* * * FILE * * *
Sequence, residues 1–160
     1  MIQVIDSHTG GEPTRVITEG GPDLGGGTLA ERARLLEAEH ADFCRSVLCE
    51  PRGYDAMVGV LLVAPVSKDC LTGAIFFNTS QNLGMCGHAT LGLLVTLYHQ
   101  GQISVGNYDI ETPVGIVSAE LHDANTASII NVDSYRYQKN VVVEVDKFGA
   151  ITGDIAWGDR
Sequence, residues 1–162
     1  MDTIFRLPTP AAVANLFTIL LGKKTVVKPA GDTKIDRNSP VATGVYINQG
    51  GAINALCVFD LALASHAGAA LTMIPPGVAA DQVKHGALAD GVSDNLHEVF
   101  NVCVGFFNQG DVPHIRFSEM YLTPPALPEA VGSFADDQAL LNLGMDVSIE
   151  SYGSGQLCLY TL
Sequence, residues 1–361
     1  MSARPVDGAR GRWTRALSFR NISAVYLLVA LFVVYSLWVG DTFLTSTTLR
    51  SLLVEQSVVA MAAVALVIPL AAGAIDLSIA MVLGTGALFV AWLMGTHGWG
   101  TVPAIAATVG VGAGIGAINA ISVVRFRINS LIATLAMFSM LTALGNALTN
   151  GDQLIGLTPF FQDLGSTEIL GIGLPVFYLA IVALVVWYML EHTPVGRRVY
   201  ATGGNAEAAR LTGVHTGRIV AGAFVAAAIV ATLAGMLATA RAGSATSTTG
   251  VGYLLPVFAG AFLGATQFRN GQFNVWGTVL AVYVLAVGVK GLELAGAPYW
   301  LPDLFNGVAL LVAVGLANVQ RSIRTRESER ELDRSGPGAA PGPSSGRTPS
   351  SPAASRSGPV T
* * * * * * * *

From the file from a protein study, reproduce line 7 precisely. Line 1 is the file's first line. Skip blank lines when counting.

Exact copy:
     1  MDTIFRLPTP AAVANLFTIL LGKKTVVKPA GDTKIDRNSP VATGVYINQG